Defendants have responded, with several supporting declarations, stating that the primary purpose of the April 21, 2009 motion was to protect union members from disclosure of private grievances, and was prospective only. Sanders Decl., ¶¶ 10-11; Baumann Decl., ¶ 15. Moreover, in response to the instant motion, CCPOA passed an amended resolution on July 13, 2009, at CCPOA's next regularly scheduled meeting, that expressly requires CCPOA to secure and maintain the recordings of all its Board meetings, and to release no recordings unless directed to do so by court order or a 3/4 majority vote of the Board. Sanders Decl., ¶ 39 and Ex. "E" thereto. In addition, defendants state that the recordings were moved for the purpose of bringing all recordings within CCPOA's control in order to conduct required discovery. Pursuant to the declarations of Sanders and CCPOA employee Steven Barefoot, defendants state that they spent over 90 hours listening to every recording, which date from the 1980s, in order to respond fully and accurately to all of plaintiffs' discovery requests, thus providing all references to CUSA, Dawe, Harkins, and Loud. Defendants represent that no recordings have been destroyed, and all will remain secure pending resolution of this litigation.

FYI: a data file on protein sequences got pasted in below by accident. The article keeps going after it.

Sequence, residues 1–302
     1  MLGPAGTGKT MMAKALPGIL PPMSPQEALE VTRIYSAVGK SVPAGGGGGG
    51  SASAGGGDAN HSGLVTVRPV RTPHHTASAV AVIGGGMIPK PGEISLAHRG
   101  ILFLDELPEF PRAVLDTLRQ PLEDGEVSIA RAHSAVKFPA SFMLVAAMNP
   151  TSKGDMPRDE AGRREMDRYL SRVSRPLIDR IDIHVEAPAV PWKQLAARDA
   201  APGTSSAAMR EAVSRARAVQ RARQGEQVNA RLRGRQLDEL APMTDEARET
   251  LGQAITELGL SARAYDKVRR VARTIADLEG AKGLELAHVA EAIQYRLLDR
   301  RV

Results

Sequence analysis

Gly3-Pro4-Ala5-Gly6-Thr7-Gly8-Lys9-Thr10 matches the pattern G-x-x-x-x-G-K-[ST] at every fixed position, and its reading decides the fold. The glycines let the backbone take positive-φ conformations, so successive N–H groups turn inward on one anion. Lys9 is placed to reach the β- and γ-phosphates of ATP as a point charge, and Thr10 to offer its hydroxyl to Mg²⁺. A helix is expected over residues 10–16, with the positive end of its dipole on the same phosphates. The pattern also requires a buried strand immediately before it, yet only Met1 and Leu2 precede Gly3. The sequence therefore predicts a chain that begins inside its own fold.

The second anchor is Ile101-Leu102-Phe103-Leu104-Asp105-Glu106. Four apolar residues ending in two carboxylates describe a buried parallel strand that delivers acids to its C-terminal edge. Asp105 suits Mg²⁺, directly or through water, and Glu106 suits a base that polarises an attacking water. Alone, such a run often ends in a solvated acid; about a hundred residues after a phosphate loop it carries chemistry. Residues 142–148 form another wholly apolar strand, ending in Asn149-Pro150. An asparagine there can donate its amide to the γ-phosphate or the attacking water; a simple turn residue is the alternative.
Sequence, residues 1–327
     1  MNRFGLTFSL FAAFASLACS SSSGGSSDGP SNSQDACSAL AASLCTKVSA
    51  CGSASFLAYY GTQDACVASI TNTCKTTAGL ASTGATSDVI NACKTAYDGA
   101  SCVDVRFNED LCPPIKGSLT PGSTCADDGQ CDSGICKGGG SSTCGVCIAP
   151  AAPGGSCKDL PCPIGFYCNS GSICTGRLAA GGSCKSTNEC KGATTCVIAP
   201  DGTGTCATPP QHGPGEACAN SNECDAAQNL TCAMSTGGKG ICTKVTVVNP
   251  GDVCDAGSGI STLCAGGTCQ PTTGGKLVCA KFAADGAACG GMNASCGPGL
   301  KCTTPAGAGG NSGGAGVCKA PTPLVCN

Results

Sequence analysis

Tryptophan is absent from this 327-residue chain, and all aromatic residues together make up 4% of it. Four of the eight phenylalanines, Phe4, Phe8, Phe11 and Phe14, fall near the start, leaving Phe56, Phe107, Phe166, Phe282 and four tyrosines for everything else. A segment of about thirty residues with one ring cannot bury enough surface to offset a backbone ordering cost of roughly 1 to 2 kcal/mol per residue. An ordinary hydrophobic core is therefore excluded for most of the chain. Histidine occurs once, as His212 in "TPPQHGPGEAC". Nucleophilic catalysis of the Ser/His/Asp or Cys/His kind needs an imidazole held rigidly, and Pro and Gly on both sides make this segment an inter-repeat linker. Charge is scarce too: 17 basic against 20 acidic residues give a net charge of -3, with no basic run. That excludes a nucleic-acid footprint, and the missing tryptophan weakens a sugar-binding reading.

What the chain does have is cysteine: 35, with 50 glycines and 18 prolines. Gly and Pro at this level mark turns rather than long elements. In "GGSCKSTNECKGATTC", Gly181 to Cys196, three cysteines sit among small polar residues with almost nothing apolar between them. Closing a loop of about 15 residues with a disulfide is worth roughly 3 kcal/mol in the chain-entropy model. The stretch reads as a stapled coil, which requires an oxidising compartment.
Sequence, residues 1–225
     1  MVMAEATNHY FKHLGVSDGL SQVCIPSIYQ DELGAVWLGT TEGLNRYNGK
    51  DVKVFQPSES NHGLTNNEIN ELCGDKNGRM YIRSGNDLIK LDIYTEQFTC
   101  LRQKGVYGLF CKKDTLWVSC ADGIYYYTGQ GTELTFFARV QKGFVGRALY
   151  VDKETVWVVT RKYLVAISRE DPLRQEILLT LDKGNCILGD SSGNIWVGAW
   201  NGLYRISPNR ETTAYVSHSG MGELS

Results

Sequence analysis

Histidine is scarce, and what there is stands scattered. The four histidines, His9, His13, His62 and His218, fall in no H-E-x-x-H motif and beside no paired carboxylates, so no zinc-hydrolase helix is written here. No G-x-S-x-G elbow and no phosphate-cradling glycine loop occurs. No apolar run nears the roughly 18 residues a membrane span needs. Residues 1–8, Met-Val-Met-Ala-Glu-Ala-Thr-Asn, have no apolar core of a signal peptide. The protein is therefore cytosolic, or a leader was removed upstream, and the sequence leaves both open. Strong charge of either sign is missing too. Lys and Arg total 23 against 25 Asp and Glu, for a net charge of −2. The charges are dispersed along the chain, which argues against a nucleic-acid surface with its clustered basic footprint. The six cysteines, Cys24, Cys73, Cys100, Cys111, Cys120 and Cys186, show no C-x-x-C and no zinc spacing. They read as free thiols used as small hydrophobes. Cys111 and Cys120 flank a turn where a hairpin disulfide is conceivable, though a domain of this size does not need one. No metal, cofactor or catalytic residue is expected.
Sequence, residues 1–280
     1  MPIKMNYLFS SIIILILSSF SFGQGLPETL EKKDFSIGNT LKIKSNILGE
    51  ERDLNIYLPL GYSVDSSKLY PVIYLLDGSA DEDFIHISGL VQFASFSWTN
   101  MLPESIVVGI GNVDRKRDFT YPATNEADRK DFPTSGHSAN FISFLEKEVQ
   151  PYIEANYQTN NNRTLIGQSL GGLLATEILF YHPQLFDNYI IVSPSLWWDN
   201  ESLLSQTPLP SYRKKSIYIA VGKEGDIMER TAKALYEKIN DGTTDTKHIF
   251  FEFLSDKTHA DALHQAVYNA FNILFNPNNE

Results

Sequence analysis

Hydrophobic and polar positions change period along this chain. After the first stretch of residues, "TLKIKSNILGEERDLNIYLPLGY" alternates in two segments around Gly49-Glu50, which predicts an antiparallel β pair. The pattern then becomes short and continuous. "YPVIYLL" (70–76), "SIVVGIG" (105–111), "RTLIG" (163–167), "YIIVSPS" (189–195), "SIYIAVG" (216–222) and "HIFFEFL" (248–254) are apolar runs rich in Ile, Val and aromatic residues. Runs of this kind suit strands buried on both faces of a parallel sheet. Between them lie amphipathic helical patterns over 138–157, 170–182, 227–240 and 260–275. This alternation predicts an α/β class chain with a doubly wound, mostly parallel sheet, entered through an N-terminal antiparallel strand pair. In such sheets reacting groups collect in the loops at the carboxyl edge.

At the hearing on this motion, the parties addressed the impact of CCPOA's new resolution requiring a court order for further disclosure of responsive material. While plaintiffs contend, appropriately, that they should not be required to obtain a court order to obtain responsive, relevant discovery, defendants maintain that all non-privileged responsive information has already been disclosed. Defendants seek to avoid again going through every recording since the 1980s, most of which are "totally irrelevant,  involve privacy of third parties,  union grievances, [and]  privileges of litigation, and they have nothing to do with this case." Transcript of July 29, 2009 Hearing (hereafter, "Transcript"), Dckt. No. 224, at 26. As this matter is not squarely presented to the court as a discovery dispute, the court does not reach it. As the court stated at the hearing on this matter:
I'm simply going to direct you -- both of you to comply with the Federal Rules of Civil Procedure as to preservation of evidence as well as discovery. If there's an appropriate discovery request that's submitted or has been submitted for the recordings, then you'll need to respond to that request. And if there is a proper basis for a privilege, you'll ...